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Could you please put the lab's ranges with those numbers? Each lab is different.

Many, many people have false negatives but I have never heard of someone who actually had a false positive.

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Could you please put the lab's ranges with those numbers? Each lab is different.

Many, many people have false negatives but I have never heard of someone who actually had a false positive.

O.k, this is the best that I know:

IgA - 64 with range of 65 to 246

IgG - 67 range of 1 to 11 normal

TtG - 3 normal range 3 and below

Does this help?

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O.k, this is the best that I know:

IgA - 64 with range of 65 to 246

IgG - 67 range of 1 to 11 normal

TtG - 3 normal range 3 and below

Does this help?

As I suspected, the IgG test is positive, and the others negative. The tTg test being borderline just gives you an idea of how much damage is happening. (Still, why would he have any if there wasn't some response going on?) The IgA test being low tells you nothing if he's IgA deficient. The IgG test is QUITE DISTINCTLY POSITIVE. He is clearly have an immune reaction to gluten. (Most doctors *want more* because they so hate to put their patients on a gluten free diet. BAH!)

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As I suspected, the IgG test is positive, and the others negative. The tTg test being borderline just gives you an idea of how much damage is happening. (Still, why would he have any if there wasn't some response going on?) The IgA test being low tells you nothing if he's IgA deficient. The IgG test is QUITE DISTINCTLY POSITIVE. He is clearly have an immune reaction to gluten. (Most doctors *want more* because they so hate to put their patients on a gluten free diet. BAH!)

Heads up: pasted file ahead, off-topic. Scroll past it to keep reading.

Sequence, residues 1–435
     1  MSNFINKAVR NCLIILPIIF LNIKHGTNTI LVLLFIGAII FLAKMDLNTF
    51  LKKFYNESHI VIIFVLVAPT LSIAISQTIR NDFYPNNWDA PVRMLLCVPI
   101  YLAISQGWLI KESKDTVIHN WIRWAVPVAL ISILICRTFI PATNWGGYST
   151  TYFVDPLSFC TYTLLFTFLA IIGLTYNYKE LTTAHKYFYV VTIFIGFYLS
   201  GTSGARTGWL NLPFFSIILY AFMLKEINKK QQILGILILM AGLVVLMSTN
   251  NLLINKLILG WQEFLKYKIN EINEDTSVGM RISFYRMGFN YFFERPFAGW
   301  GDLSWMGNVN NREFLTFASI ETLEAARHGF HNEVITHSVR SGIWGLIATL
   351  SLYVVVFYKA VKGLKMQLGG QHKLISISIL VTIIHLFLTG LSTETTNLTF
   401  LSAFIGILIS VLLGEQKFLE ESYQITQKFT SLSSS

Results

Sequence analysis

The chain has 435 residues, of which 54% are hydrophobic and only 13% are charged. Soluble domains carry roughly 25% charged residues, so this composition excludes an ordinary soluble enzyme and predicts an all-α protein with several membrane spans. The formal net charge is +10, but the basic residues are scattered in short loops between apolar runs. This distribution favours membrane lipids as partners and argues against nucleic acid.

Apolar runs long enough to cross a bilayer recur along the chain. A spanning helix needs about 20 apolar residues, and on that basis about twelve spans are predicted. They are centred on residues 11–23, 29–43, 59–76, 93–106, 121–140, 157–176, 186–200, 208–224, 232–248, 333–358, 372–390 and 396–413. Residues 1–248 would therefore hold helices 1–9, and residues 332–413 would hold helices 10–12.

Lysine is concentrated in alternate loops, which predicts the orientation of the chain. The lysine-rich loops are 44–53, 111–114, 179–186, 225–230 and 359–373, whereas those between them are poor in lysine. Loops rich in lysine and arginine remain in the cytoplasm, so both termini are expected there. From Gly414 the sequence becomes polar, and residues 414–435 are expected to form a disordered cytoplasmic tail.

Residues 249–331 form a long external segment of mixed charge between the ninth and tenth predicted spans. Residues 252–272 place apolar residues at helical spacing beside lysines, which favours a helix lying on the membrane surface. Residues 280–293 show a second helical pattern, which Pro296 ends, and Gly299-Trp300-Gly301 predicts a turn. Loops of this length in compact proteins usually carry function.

The GI acted like the IgG elevation wasn't anything if the other two areas weren't positive also. If he doesn't have celiac than I want to know why the levels were so high..... I guess I will have to wait and see what happens on Monday when I get the IgA deficiency results back. I don't mind the doctor wanting to know more, but I feel like I know less than I did before I went to the office.The GI stressed that grains are a very important part of ones diet and that no diet changes should be made unless something else shows up

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***Personal opinion alert***

The GI stressed that grains are a very important part of ones diet and that no diet changes should be made unless something else shows up

That's complete and utter crap. The human race survived for thousands of years without grain.

Ask him to name you ONE essential nutrition that can only be found in grain.

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that might "just" be jestgar's opinion, but I think she's completely correct. in my opinion, anyway.

your doctor is full of crap if he thinks grains are a mandatory part of a diet, or even that you can't have any grains if you're gluten free. wrong and wrong.

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Maybe he's full of crap and being ignorant. On a positive note, maybe he just didn't want us to get to alarmed yet- so that's why he said the grain thing???? I don't know.

I have read some other post that says that an elevated IgG is sometimes something else. Any ideas?